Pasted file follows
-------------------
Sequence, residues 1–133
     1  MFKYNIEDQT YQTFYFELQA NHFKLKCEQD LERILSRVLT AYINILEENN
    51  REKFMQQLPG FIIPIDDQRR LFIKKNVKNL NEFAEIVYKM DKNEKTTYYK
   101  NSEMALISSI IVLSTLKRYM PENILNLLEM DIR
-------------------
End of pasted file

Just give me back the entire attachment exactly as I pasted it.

Sequence, residues 1–133
     1  MFKYNIEDQT YQTFYFELQA NHFKLKCEQD LERILSRVLT AYINILEENN
    51  REKFMQQLPG FIIPIDDQRR LFIKKNVKNL NEFAEIVYKM DKNEKTTYYK
   101  NSEMALISSI IVLSTLKRYM PENILNLLEM DIR